Professor Glenn Gardner, QUT: The Nurse Practitioner Role: What It Is And What It Is Not
Upcoming SlideShare
Loading in...5
×
 

Professor Glenn Gardner, QUT: The Nurse Practitioner Role: What It Is And What It Is Not

on

  • 374 views

Professor Glenn Gardner, Professor Faculty of Health, School – Nursing, Queensland University of Technology delivered this presentation at the 2013 Developing the Role of the Nurse Practitioner ...

Professor Glenn Gardner, Professor Faculty of Health, School – Nursing, Queensland University of Technology delivered this presentation at the 2013 Developing the Role of the Nurse Practitioner conference. The event is designed for organisations and managers looking to better understand, utilise and grow the role of the nurse practitioner in their health service. For more information about the annual event, please visit the conference website: http://www.healthcareconferences.com.au/nursepractitionersconference

Statistics

Views

Total Views
374
Views on SlideShare
374
Embed Views
0

Actions

Likes
0
Downloads
0
Comments
0

0 Embeds 0

No embeds

Accessibility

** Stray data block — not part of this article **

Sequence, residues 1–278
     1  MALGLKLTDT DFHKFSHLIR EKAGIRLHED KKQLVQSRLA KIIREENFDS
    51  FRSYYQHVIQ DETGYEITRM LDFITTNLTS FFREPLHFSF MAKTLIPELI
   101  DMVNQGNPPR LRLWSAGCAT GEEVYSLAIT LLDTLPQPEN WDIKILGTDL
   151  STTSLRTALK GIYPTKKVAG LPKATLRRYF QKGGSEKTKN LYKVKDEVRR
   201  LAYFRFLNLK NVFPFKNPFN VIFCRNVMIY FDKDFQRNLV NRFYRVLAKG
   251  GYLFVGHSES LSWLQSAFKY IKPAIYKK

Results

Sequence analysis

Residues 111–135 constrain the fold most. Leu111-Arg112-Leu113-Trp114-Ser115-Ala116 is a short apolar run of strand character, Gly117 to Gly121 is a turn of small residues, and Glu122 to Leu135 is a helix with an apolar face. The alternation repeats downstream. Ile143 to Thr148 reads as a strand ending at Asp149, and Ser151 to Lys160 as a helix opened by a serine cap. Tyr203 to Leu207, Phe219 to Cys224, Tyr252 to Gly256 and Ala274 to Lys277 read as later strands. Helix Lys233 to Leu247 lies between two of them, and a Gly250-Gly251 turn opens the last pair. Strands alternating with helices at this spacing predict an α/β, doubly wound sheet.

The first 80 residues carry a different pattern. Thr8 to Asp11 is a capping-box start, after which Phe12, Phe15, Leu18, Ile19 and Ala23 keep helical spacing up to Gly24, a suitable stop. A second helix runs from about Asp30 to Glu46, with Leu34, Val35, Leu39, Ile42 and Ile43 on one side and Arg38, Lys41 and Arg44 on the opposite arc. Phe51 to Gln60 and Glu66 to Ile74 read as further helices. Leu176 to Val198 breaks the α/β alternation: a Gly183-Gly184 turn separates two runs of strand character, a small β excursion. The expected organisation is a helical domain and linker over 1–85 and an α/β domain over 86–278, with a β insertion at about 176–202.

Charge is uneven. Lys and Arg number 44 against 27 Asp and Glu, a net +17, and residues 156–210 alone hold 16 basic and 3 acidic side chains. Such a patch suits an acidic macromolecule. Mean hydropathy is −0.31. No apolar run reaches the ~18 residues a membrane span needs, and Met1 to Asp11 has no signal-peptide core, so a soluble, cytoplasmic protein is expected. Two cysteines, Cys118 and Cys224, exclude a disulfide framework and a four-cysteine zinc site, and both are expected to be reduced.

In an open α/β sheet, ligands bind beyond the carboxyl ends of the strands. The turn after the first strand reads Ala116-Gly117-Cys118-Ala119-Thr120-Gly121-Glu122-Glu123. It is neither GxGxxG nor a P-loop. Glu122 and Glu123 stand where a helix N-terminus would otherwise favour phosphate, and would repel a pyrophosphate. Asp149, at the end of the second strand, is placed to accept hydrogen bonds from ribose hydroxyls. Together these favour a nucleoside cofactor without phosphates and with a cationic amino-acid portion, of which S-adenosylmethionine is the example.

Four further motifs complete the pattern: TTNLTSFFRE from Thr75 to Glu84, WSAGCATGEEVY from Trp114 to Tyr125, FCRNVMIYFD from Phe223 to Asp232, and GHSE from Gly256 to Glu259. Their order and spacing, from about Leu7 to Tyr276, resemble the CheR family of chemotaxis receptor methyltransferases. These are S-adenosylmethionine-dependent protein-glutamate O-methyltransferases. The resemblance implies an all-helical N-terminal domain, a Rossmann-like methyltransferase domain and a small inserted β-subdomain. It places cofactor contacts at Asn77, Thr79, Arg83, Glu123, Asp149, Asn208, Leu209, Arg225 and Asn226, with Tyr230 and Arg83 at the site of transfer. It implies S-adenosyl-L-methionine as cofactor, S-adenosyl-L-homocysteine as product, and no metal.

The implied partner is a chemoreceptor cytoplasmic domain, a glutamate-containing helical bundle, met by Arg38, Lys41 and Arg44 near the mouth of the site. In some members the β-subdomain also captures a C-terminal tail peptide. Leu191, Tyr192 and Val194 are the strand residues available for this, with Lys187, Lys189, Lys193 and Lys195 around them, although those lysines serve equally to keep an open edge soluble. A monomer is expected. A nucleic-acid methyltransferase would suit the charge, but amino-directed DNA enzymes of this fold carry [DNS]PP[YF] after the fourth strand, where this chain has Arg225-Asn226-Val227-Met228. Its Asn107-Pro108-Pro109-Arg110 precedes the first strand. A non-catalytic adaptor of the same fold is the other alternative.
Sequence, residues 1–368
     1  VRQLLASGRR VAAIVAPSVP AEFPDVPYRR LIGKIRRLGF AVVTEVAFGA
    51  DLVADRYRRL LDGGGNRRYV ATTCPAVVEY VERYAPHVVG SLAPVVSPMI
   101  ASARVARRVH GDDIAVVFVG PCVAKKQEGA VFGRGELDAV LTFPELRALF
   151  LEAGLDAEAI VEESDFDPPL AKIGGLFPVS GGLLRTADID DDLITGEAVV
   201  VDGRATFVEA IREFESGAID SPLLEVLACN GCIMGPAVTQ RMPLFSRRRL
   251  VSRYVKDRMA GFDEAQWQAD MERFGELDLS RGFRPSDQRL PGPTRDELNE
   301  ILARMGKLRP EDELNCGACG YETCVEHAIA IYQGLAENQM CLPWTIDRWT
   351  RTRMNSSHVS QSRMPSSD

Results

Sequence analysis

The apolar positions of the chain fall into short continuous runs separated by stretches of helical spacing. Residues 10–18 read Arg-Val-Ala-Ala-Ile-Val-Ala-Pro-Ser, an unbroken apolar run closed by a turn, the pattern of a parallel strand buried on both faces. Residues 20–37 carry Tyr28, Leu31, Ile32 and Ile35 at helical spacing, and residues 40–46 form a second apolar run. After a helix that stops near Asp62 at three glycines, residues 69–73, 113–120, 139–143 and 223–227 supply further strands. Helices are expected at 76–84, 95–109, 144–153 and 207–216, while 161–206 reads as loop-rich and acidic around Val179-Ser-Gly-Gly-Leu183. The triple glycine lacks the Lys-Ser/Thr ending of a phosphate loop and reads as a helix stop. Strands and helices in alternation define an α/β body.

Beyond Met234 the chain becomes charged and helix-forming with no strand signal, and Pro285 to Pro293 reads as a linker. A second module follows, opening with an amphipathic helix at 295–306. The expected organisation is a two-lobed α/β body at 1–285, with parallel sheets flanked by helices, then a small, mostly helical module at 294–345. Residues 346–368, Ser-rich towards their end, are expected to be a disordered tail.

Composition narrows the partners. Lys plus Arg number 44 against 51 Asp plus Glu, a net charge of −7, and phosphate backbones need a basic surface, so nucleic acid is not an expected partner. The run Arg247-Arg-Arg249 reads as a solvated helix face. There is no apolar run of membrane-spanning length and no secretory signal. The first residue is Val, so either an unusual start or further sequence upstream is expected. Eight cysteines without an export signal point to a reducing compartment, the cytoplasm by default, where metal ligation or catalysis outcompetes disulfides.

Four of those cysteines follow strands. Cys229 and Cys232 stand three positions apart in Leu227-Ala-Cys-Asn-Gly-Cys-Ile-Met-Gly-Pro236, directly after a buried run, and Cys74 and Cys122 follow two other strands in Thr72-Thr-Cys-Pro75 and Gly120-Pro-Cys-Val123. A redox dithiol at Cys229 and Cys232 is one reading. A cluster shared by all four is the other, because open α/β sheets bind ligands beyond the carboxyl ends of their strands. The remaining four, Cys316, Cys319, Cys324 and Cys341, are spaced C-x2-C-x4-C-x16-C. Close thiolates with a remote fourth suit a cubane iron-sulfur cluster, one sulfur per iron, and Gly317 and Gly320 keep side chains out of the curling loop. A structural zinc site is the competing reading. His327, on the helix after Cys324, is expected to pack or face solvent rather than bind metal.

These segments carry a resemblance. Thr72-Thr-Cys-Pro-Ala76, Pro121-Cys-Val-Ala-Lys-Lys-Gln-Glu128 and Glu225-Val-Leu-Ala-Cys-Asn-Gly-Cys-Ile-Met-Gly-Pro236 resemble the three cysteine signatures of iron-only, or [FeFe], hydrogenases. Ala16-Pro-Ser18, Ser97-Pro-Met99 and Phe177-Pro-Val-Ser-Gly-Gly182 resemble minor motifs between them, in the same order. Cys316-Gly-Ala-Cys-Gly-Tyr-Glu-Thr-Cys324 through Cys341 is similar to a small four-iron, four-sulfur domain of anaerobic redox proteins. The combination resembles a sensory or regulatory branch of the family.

Upload Details

Uploaded via as Adobe PDF

Usage Rights

© All Rights Reserved

Report content

Flagged as inappropriate Flag as inappropriate
Flag as inappropriate

Select your reason for flagging this presentation as inappropriate.

Cancel
  • Full Name Full Name Comment goes here.
    Are you sure you want to
    Your message goes here
    Processing…
Post Comment
Edit your comment

Professor Glenn Gardner, QUT: The Nurse Practitioner Role: What It Is And What It Is Not Professor Glenn Gardner, QUT: The Nurse Practitioner Role: What It Is And What It Is Not Presentation Transcript

  • Developing the Role of the Nurse Practitioner 3rd Annual conference THE NURSE PRACTITIONER ROLE: WHAT IT IS… AND WHAT IT IS NOT GLENN GARDNER RN, PHD PROFESSOR OF CLINICAL NURSING QUEENSLAND UNIVERSITY OF TECHNOLOGY & ROYAL BRISBANE AND WOMEN’S HOSPITAL Royal Brisbane and Women’s Hospital CRICOS No 00213J